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The Corne¬ Daily Sun Vol. 133, No. 55




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Until Next Time

Kulturkampf in The Vegetarian

Red Redemption

Snow Showers HIGH: 26º LOW: 22º

The Sun will be on hiatus until after February break. The next issue will appear on Wednesday, Feb. 22.

Zoe Lindenfeld ’18 considers controversial fiction. | Page 9

Last year was the first time men’s lacrosse finished below .500. This year the team looks to change that. | Page 16


Ivy Students Call On Universities ToWaive App Fee By NICHOLAS BOGEL-BURROUGHS Sun Staff Writer

Stand for solidarity | People from across the nation gather despite cold, snow and rain to protest the construction of the Dakota Access Pipeline.

Standing Rock Nation Chair to Speak

Chairman Archambault’s views on this issue will provide valuable insight to the Cornell community, according to Jevan Hutson ’16 MPS ’17, co-chair of the In the wake of the controversy with the Indigenous Graduate Student Dakota Access Pipeline, Chairman of the Association. Standing Rock Sioux Nation, David “He’s an inspirational leader and a Archambault II, will speak to the Cornell tremendous advocate not only for his own community on Thursday. people, but also for environmental welfare “This is an opportunity for Cornell, for and the welfare of other indigenous peothe entire community, to learn directly ples and non-indigenous peoples alike,” from Chairman Archambault, who has Hutson said. been providing leadership at these peaceful “Regardless of your political views, you protests on their traditional territories,” would do well to hear from Chairman ARCHAMBAULT said Kyrie Ransom ’18, co-chair of Native Archambault,” he added. American Students at Cornell. Hutson also emphasized that students should recognize The controversial Dakota Access Pipeline reappeared in the news when, on Feb. 8, the U.S. Army Corps of how Cornell is connected to these atrocities which are playEngineers issued an easement that would allow the construc- ing out in the country today. “We must not forget that this is one pipeline among tion of a 30-inch diameter, light crude oil pipeline under the federal lands managed by the army corps according to See PIPELINE page 13 Ransom.

By SHRUTI JUNEJA Sun Staff Writer

Accused Walmart Killer Facing Prior Charges By NICHOLAS BOGEL-BURROUGHS Sun Staff Writer

The Ithaca man accused of fatally shooting and driving over a UPS driver in the Ithaca Walmart parking lot is also facing misdemeanor charges in Lansing Town Court for allegedly punching and choking a store clerk months before the Walmart incident, court documents show. Justin Barkley, 38, arrived in Tompkins County Supreme Court on Wednesday morning to argue against his mother’s request for guardianship. Linda Edwards, Barkley’s mother, filed a petition with the court in January requesting custody of her son and the ability to make legal decisions for him, The Sun previously reported. Barkley is “totally unable to speak realistically, accurately or coherently about the situation which he faces,” his mother said

in the petition, noting that he had been ruled incompetent to stand the murder trial by two psychiatrists. In addition to requesting the ability to make legal decisions for her son, Edwards also asked for the power to make medical decisions for Barkley and manage his financial assets.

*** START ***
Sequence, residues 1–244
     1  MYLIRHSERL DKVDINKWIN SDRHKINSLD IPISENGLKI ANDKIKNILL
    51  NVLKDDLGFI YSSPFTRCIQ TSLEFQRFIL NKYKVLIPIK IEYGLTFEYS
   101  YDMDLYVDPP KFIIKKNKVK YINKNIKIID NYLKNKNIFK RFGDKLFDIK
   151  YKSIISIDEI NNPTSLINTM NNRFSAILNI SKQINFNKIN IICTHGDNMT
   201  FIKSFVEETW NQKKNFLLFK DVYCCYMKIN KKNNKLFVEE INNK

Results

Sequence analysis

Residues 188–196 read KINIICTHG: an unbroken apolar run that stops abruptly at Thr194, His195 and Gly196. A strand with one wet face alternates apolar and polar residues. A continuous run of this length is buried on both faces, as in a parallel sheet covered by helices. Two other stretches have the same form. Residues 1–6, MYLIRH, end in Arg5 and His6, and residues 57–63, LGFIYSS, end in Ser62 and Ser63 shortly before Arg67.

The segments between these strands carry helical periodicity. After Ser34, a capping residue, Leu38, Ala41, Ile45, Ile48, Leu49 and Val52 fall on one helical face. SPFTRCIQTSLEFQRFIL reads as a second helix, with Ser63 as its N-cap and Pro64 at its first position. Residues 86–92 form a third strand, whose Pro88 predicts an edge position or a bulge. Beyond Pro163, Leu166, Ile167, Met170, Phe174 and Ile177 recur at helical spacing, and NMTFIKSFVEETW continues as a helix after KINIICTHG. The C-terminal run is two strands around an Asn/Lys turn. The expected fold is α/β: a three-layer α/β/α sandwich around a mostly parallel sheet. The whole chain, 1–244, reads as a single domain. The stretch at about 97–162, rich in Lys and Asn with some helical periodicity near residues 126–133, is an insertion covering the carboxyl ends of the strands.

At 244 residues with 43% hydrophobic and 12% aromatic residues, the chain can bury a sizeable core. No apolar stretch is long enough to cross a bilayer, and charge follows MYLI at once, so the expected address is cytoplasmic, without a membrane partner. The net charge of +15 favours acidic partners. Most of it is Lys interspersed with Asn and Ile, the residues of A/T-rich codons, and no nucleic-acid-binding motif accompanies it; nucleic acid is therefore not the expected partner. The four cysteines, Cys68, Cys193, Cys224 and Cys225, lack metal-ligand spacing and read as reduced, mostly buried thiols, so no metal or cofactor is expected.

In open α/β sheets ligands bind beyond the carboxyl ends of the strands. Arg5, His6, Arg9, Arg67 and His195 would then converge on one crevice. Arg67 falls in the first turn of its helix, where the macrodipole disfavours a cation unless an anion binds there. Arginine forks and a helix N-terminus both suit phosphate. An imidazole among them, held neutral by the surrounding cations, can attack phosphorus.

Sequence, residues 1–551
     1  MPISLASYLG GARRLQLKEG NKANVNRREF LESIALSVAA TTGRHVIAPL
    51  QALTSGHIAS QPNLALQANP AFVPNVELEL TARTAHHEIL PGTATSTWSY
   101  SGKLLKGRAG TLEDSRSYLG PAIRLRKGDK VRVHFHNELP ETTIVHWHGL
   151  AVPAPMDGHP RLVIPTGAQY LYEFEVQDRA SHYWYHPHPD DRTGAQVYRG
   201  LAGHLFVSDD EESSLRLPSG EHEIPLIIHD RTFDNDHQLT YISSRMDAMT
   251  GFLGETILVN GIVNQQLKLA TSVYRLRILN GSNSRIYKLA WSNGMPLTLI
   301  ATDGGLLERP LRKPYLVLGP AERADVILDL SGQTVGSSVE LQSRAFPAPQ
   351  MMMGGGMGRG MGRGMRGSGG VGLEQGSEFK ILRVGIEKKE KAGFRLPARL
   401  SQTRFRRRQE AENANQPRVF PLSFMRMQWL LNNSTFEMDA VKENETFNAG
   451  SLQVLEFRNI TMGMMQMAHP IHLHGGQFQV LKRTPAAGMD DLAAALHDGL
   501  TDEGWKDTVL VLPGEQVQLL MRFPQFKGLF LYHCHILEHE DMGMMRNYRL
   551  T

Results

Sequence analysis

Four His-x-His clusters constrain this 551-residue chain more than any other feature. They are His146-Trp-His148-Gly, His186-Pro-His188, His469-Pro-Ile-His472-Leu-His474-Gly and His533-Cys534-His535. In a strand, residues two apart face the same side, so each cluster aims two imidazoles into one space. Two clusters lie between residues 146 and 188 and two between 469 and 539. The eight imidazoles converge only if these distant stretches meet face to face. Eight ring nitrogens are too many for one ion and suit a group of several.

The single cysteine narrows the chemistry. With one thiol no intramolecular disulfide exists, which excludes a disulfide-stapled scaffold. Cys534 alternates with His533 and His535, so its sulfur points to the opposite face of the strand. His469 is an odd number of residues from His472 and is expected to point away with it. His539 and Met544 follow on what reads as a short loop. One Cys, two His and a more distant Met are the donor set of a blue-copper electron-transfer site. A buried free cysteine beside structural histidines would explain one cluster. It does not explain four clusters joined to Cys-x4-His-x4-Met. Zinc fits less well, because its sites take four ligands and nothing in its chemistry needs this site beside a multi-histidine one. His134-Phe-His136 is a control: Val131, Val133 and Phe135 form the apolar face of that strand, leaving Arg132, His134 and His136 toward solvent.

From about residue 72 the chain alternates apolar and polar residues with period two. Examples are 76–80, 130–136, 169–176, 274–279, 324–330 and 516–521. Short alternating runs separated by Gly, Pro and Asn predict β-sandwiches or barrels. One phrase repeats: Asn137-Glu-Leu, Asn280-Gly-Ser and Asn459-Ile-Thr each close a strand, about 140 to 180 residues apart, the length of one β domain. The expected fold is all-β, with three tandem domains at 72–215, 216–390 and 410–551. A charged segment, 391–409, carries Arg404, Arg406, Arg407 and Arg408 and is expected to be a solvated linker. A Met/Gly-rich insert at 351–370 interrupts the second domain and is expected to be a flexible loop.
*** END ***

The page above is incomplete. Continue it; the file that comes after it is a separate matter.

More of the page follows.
Barkley is facing two felonies — murder in the second degree and menacing a police officer or peace officer — for allegedly shooting William Schumacher, 52, of Candor, in the See BARKLEY page 4


Custody | Barkley, 38, is opposing his mother’s request for custody and is also facing previously unreported charges stemming from an August incident in Lansing.

Student representatives of 11 colleges — including Cornell and the seven other Ivy League schools — called on their universities Wednesday to automatically waive application fees for first-generation and low-income applicants. Leaders of student governing bodies from all Ivy League schools, as well as Northwestern University, Stanford University and the University of Chicago, endorsed the “No Apologies Initiative” led by Viet Nguyen, president of the Brown Undergraduate Council of Students. The initiative urges schools to begin waiving the fees next year. Nguyen, in the three-page initiative, wrote of the “humiliating” process of emailing colleges at the last minute explaining that he could not pay the application fee because of the many other fees associated with applications, including submitting test scores and Advanced Placement credit. “My emails were filled with apologies,” Nguyen wrote. “I was apologizing for the inconvenience I was causing. I was apologizing for how embarrassed I felt. I was apologizing for being poor.” All of the colleges ultimately waived the fees, Nguyen said, but he said the process was “convoluted” and “unnec“People often essary.” “The guilt and shame praise our alone almost stopped me from university ... going to college,” he said. for doing all Cornell requires first-year and transfer applicants to pay these ‘amazing’ an $80 application fee but also things for offers several ways for prospective students to have the people of all fee waived. Cornell applicants backgrounds. can submit a fee waiver reBut they’re quest using any of several different forms or by submitting nowhere near a letter from a guidance counacceptable as selor or social service representative stating the fee would far as cause financial hardship. accessibility.” Student Assembly President Jordan Berger ’17 said Matt Indimine ’17 she signed the initiative because she wants to ease the burden for students who are already spending time and effort to submit applications to prestigious universities. “It’s really important because of the ‘any person [...] any study’ mission of Cornell that we shouldn’t have any barrier to applying,” Berger told The Sun. “A student shouldn’t feel held back because of their socioeconomic status.” S.A. Executive Vice President Matthew Indimine ’18 said he discussed the initiative with Nguyen earlier in February when the two roomed together at the World Summit of Nobel Peace Laureates in Bogotá, Colombia. “People often praise our university and our peer universities — all the Ivies — for doing these ‘amazing’ things for people of all backgrounds,” Indimine said. “But they’re nowhere near acceptable as far as accessibility.” Indimine has been working with Paola Muñoz ’17, president of the Cornell First Generation Student Union, See FEES page 4